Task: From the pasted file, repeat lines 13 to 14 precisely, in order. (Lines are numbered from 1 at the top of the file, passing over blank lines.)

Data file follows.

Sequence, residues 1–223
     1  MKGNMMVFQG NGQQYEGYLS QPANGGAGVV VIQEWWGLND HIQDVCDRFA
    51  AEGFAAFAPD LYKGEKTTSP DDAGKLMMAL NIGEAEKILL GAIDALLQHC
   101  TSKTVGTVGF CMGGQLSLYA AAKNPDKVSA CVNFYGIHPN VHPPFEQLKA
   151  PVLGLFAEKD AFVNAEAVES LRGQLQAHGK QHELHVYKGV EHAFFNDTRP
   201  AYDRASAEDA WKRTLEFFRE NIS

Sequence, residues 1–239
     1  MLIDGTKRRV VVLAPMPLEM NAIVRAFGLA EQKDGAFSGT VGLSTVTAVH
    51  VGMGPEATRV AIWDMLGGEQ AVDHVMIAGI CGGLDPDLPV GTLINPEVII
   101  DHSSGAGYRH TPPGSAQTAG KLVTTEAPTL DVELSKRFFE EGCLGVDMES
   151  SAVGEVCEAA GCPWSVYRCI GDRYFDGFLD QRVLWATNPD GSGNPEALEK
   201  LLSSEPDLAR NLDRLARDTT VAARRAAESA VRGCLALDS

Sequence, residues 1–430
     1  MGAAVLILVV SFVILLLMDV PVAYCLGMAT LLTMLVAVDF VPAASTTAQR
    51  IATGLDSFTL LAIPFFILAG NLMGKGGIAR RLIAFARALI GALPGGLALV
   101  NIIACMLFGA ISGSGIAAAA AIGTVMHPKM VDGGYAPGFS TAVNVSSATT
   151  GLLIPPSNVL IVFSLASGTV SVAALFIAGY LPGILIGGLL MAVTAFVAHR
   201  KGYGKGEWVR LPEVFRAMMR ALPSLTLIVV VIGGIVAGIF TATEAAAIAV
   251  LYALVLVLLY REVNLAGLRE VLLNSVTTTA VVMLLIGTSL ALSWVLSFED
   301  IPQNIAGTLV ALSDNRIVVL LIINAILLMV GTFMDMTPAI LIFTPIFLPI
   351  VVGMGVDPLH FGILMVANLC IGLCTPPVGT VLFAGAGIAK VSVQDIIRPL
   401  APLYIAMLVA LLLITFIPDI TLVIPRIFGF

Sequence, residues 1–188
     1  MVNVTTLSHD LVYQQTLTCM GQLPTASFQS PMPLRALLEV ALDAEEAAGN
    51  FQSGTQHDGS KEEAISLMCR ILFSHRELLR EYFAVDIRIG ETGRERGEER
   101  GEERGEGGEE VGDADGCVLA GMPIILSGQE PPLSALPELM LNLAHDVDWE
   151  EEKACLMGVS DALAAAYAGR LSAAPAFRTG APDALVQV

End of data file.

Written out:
Sequence, residues 1–430
     1  MGAAVLILVV SFVILLLMDV PVAYCLGMAT LLTMLVAVDF VPAASTTAQR